Retirement Replaces Home Ownership as 'American Dream'
NEW YORK -- Most people still believe they can achieve the American dream, even after slow employment growth following a harsh recession, but many now define it as having a comfortable retirement rather than owning a home.
About 96 percent of people responding to a Wells Fargo/Gallup poll conducted at the end of May cited a financially secure retirement as their version of the American dream. That's an increase from 92 percent a year ago, and higher than the 93 percent of people who identified success as buying a home. The poll surveyed a mix of retired (28 percent) and non-retired (72 percent) adults with at least $10,000 in savings and investments. Forty-one percent of respondents reported an annual income of $90,000 or more.
The exact definition of the American dream has changed somewhat since the term was popularized in James Truslow Adams' 1931 book "The Epic of America." In it, he wrote: "The American Dream is that dream of a land in which life should be better and richer and fuller for everyone, with opportunity for each according to ability or achievement."
Since then, social and economic mobility have generally been associated with such markers as owning a home, attaining higher education, and living as well as -- if not better than -- one's parents. Specifying a comfortable retirement as part of that goal wasn't necessary in previous years as many retirees were almost guaranteed one via their employer's pension plans. As 401(k)s became more the more popular employer-sponsored retirement plan following the Revenue Act of 1978, workers increasingly found themselves on the hook for ensuring that they had enough money to last them through old age.
"There has been a rapid, systemic shift in risk and responsibility from the government to the individual in managing retirement," said Andrew Eschtruth, an associate director at Boston College's Center for Retirement Research. "Most individuals don't yet fully grasp this change."
In fact, data from the center pinpoints when that shift occurred. In 1983, of workers surveyed who had access to an employer-sponsored retirement plan, 62 percent were relying solely on a pension plan, 12 percent were relying on a 401(k) plan, and 26 percent were relying on a mix of the two. Less than ten years later, in 1992, workers were almost split in how they received their retirement benefits, with 44 percent citing a pension, 40 percent using a 401(k), and 16 percent relying on a mix. Today, 72 percent of employees rely on a 401(k), and only 17 percent rely on a pension.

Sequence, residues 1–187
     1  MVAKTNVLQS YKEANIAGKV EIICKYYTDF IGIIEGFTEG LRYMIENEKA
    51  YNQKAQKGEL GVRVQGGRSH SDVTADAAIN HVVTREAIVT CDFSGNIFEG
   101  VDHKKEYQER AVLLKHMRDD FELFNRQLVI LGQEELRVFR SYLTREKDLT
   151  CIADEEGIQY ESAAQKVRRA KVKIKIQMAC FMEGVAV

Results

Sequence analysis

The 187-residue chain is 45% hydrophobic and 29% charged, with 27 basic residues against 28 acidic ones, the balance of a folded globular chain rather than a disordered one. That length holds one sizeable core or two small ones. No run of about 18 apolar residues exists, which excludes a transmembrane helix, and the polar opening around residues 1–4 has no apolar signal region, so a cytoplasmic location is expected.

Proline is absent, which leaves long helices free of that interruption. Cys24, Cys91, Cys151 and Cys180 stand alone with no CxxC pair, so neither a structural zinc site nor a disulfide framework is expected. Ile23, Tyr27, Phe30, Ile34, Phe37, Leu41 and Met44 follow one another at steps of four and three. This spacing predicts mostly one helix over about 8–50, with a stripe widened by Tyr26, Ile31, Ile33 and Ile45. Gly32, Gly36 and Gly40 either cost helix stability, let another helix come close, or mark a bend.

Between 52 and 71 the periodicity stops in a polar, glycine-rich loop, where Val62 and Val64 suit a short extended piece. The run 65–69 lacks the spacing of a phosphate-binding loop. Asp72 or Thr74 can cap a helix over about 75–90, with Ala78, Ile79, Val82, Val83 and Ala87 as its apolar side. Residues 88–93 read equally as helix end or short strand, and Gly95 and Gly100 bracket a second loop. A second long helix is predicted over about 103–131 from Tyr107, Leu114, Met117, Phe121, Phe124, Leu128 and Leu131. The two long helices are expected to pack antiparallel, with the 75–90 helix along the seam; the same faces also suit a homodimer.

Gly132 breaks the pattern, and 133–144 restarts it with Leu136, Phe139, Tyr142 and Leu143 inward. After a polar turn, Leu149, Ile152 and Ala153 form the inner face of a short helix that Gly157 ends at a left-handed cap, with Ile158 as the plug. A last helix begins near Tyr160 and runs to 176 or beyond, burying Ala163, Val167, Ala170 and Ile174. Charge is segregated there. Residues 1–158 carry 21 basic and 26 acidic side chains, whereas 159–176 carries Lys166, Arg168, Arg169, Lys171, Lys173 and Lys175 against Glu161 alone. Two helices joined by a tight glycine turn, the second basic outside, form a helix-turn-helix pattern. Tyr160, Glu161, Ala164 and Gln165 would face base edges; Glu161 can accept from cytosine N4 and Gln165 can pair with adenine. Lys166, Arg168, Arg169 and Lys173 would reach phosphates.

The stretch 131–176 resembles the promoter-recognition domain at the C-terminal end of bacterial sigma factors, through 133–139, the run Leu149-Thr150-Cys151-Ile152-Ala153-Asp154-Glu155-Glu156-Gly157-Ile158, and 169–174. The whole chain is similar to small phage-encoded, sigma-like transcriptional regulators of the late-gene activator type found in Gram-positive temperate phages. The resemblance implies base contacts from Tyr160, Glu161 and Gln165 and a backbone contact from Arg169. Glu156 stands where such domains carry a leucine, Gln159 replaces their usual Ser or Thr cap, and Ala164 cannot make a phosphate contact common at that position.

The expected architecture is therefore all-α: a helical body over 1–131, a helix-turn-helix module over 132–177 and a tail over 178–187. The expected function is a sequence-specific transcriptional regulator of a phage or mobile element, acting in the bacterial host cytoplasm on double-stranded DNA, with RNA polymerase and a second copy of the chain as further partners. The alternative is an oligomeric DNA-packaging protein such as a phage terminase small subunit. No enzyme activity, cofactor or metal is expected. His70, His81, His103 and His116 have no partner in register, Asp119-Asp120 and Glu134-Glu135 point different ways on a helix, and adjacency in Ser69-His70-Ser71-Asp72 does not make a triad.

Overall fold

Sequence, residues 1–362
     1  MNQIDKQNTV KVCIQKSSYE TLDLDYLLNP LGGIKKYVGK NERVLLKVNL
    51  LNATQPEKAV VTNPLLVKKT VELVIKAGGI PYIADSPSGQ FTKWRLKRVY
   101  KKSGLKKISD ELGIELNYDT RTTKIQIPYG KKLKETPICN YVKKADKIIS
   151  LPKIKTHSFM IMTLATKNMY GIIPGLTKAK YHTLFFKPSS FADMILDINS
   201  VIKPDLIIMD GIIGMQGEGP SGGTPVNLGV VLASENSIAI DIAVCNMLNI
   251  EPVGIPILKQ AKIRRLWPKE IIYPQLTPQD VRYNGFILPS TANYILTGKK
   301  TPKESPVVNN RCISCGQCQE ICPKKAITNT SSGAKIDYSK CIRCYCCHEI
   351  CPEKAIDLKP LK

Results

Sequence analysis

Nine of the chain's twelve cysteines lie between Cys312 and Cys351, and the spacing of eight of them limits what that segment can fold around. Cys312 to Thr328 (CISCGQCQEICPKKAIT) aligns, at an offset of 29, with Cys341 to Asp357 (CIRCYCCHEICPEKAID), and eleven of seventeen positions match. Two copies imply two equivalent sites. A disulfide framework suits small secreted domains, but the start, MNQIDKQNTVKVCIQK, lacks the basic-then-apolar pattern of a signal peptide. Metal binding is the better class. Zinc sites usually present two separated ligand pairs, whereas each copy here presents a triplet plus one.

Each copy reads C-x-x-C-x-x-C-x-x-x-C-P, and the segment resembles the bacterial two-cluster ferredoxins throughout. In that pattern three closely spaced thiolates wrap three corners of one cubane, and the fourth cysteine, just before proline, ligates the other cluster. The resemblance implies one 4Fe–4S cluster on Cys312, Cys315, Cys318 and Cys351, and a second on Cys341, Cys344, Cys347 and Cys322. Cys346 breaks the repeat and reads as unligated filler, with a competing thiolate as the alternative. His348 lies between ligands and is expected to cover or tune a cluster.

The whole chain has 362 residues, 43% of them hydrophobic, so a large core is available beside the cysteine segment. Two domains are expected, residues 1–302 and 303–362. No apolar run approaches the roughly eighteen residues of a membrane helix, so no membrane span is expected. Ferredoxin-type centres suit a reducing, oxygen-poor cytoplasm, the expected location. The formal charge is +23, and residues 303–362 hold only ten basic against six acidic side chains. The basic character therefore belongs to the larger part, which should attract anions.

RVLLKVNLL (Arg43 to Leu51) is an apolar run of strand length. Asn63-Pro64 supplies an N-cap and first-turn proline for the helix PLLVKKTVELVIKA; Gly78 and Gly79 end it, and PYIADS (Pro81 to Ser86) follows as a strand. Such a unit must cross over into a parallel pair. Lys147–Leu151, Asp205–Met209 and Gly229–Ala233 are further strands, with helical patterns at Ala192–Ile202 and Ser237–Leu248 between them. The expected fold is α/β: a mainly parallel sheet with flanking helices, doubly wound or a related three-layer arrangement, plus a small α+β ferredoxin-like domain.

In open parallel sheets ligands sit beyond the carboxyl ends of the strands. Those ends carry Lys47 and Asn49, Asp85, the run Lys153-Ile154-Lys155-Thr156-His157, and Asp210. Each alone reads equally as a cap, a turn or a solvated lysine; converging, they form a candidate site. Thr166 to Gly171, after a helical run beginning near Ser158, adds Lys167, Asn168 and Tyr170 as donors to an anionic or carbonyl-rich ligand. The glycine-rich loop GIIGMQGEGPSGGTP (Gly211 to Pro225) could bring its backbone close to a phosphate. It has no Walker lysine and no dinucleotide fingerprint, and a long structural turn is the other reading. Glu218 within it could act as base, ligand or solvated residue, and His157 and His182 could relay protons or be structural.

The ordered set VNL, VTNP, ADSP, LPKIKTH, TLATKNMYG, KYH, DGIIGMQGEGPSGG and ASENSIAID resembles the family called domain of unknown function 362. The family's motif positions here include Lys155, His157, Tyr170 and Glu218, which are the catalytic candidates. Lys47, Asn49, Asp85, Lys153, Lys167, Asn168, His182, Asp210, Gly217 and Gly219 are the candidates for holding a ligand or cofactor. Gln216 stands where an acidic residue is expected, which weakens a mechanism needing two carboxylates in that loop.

While an encouraging 84 percent of respondents to Wells Fargo's poll said they believe they can achieve the American Dream, only 69 percent of non-retired respondents said they have a specific plan to reach their retirement goals. And, of the respondents with a plan, only half of them have it in writing.
Achieving Financial Goals
Of course, a plan is only good if followed, but having one in writing suggests that risks and other contingencies have at least been considered. Those who don't have a written plan say they haven't had the time to create one (35 percent) or they haven't given it much thought (26 percent). Even so, written plans are hardly foolproof. Only 37 percent of those with a written financial plan are highly confident that it will ensure they reach their goals.
"While the number of people with written plans is slowly trending higher, it's still less than half of investors. It is critical to have a financial plan in place that spans life's major milestones in order to reach your financial goals," said Mary Mack, President of Wells Fargo Advisors.
Despite the seeming optimism Wells Fargo survey participants reported about achieving the American Dream, there are reasons to be less sanguine. The 401(k) generation is just starting to retire and data from the Boston College center suggests that they may not have saved enough. Of workers aged 55-64 with 401(k) accounts, the combined balance is just over $100,000, which only offers about $400 a month, according to Eschtruth. For most people, $400 a month combined with social security may still not be enough to support them through retirement.
Workers need to save more to meet the demands of increasing life expectancy and rising healthcare costs before retiring, Eschtruth said. Unfortunately, workers who are near retirement age have had to do the last years of their retirement saving in a low interest-rate environment in which yields on traditionally safer investments lagged normal inflation rates. Workers have had to save more or invest in traditionally riskier assets to make up for the shortfall.
"The problem with retirement is twofold," Eschtruth said in an interview. "People need more and they expect less."